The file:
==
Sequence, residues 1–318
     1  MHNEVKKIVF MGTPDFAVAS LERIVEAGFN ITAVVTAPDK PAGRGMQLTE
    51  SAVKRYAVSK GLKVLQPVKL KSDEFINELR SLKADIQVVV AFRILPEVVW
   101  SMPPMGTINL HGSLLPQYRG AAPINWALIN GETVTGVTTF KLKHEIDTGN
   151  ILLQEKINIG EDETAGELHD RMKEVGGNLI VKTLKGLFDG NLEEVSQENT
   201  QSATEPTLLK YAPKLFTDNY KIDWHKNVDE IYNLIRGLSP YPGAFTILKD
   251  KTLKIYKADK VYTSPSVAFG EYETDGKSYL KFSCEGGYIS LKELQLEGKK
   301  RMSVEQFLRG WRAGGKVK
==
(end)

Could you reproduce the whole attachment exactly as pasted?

Sequence, residues 1–318
     1  MHNEVKKIVF MGTPDFAVAS LERIVEAGFN ITAVVTAPDK PAGRGMQLTE
    51  SAVKRYAVSK GLKVLQPVKL KSDEFINELR SLKADIQVVV AFRILPEVVW
   101  SMPPMGTINL HGSLLPQYRG AAPINWALIN GETVTGVTTF KLKHEIDTGN
   151  ILLQEKINIG EDETAGELHD RMKEVGGNLI VKTLKGLFDG NLEEVSQENT
   201  QSATEPTLLK YAPKLFTDNY KIDWHKNVDE IYNLIRGLSP YPGAFTILKD
   251  KTLKIYKADK VYTSPSVAFG EYETDGKSYL KFSCEGGYIS LKELQLEGKK
   301  RMSVEQFLRG WRAGGKVK